Five Republicans on March 20 ballot in 106th House District

Five Republicans on March 20 ballot in 106th House District

Republican voters in the new 106th House District cannot complain about a lack of options in their March 20 primary election.

Five newcomers are on the ballot, making the 106th House race one of only four in the state with five candidates from the same party running for the same seat. There is no Democratic candidate in the largely rural and conservative district north of Champaign County.

None of the candidates has been elected to the Legislature before, but one (Tom Bennett) has been elected to the Parkland College board, one (Scott McCoy) had been elected mayor of Pontiac, and another (Brian Gabor) has been a Pontiac alderman for nine years. The other candidates are Josh Harms of Watseka and Richard Thomas of Dwight.

Politically the five range from Gabor, who has been endorsed by the Livingston County tea party and wants to eliminate the state EPA and build more state prisons, to Thomas, who said he supports a progressive Illinois income tax and favors an optional Medicare program for everyone in the country.

The candidates' positions on issues come from a variety of sources, including their websites and questionnaires they filed with The News-Gazette, the Chicago Tribune and Bloomington radio station WJBC.

Tom Bennett: Opposed to extending the current higher income tax rates. Favors reinstating the death penalty. Opposed to a sales tax on services. Supports term limits for legislators, and suggested 10 years for state representatives and eight years for senators. Also supports term limits for legislative leaders. Favors concealed carry gun law in Illinois. Supports requiring a photo identification to vote, and to use SNAP (food stamps). Favors restricting purchase of certain products with SNAP card. Favors electing University of Illinois trustees. Would not favor a program to release non-violent offenders from state prison. "People go to prison for a reason. However, there may be some proven programs found across the country that offer promise and deserve consideration. However, more research is needed before changes are made."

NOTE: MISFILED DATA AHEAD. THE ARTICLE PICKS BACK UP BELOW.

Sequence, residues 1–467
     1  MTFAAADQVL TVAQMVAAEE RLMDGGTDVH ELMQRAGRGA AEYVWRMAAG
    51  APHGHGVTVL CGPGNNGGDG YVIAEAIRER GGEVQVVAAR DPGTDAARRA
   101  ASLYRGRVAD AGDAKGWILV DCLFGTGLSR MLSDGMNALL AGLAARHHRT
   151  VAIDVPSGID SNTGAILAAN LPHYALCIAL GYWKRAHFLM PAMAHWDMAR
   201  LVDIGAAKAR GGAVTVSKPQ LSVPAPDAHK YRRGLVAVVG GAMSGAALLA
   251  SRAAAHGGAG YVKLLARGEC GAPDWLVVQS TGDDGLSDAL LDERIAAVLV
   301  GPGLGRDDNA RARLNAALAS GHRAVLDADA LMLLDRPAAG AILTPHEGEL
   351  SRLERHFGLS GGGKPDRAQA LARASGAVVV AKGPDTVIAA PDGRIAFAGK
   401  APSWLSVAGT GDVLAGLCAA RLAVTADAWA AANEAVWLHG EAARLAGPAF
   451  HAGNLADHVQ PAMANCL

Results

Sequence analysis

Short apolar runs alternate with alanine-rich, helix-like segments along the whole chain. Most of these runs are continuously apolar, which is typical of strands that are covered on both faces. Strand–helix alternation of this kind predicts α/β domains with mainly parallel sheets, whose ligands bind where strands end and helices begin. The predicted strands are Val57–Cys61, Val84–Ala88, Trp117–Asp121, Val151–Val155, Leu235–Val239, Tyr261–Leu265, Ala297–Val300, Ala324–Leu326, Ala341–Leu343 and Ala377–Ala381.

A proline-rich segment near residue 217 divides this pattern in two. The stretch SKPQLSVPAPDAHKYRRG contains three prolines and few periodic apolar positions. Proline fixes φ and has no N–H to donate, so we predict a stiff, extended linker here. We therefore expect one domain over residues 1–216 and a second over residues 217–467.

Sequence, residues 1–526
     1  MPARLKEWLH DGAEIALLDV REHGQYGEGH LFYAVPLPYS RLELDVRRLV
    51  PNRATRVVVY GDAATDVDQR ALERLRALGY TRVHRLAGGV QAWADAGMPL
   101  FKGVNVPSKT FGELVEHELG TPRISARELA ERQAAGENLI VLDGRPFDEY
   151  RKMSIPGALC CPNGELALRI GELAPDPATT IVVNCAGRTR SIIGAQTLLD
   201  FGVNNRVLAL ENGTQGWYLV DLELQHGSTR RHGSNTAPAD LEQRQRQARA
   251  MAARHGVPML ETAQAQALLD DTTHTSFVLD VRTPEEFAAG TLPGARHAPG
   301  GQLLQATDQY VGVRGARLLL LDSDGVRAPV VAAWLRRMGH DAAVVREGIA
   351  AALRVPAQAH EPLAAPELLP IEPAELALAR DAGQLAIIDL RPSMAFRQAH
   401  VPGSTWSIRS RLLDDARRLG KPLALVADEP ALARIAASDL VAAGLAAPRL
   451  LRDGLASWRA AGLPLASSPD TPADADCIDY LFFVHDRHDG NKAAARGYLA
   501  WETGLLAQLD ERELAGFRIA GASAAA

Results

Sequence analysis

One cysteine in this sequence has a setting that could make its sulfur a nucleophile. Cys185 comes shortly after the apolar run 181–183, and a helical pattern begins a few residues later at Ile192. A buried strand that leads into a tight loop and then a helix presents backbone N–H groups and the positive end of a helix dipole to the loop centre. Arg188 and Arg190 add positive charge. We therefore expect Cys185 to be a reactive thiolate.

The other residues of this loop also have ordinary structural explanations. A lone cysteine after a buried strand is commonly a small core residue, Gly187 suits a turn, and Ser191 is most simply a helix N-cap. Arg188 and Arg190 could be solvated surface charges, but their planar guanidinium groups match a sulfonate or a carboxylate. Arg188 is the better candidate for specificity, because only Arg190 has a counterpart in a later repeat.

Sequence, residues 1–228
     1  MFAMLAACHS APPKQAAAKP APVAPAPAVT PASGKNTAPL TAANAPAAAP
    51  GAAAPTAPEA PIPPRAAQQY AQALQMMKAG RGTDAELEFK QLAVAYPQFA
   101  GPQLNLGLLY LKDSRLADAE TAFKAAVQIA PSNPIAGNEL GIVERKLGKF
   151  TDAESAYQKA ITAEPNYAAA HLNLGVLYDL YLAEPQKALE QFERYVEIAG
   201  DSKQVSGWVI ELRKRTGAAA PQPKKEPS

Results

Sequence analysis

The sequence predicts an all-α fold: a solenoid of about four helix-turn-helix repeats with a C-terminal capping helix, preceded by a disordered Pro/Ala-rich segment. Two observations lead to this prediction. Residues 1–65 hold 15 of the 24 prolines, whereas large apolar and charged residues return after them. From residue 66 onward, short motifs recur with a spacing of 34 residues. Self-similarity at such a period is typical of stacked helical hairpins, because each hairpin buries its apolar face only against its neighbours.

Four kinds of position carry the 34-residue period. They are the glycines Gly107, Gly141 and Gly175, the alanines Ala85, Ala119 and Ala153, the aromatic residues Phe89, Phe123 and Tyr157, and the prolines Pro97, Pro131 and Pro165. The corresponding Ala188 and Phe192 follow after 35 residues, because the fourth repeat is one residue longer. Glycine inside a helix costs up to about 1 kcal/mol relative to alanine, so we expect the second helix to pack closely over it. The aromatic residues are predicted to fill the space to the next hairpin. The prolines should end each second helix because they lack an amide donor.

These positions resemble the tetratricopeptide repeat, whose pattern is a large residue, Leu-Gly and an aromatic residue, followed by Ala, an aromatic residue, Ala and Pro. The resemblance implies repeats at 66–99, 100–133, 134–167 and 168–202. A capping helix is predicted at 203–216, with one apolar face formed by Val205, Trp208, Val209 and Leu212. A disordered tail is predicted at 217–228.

Brian Gabor: Said current state retirees should get all of their benefits but that current employees "will need to pay more for their benefits." Favors stricter eligibility standards for Medicaid. Wants to repeal last year's 67 percent income tax increase. On the death penalty, says "it's a good tool when used properly. I am not saying it is perfect, but I would support reinstating it." Opposes a sales tax on services. Favors term limits of eight years for governor, 10 years for state senators and representatives. Favors passage of concealed carry gun law. Supports requiring a photo identification card to vote and to use SNAP card. Favors restricting purchase of certain products with SNAP card. Would oppose releasing certain non-violent offenders to ease prison crowding. "Prisoners should be required to serve the full term they were sentenced to."

Josh Harms: Said current state employees and retirees should not have benefits cut but that all new hires should go into a defied contribution retirement program. Said he will not take campaign contributions from special interest groups or businesses. Favors spending cuts in all areas except those that would impact local property taxes or services for the disabled. Said that public employees should have the right to bargain collectively and that Illinois should become a right-to-work state. Can cut Medicaid spending by setting up health savings accounts for all Medicaid recipients that would "build responsibility into the system." Would repeal the corporate income tax and allow the personal income tax increase to expire as scheduled. Would oppose a graduated income tax and a broader sales tax on services. Supports term limits of 10 years in the House, and two four-year terms for the governor. Opposes term limits for senators.

Scott McCoy: Opposed to pension changes for state retirees and current employees, but that "new hires will have to be put on a new system." Favors tighter eligibility standards for Medicaid. Opposed to extending the 67 percent income tax increase. Uncertain about a broadened income tax to include retirement and Social Security income. Said he would be open to the "possibility of reinstating the death penalty." Opposed to sales tax on services. Said he favors terms limits of eight years in the House, 12 years in the Senate and eight years for constitutional offices. Supports concealed carry gun law in Illinois. Favors requiring a photo ID to vote and to use SNAP card. Uncertain about early release from prison for some nonviolent offenses.

Richard Thomas: Favors "returning at least some of the pension responsibility to the local districts which negotiate contracts," but said that "is only a partial solution." Supports tax incentives for business only if they are "linked to good jobs creation and maintenance." Laments "the fact that we have 50 million working Americans without health care. We can't compete in the first world when we spend more than any other country and get less for it." Said all Americans should be eligible for Medicare and would pay for it with a monthly premium based on income. Supports collective bargaining rights for public employees. Said he would repeal the 67 percent sales tax increase, but supports a progressive income tax. Said the cost to maintain prisons and inmates "is astronomical" and that it "would be way more economical to decriminalize certain non-violent crimes and make them medical issues instead of criminal issues."

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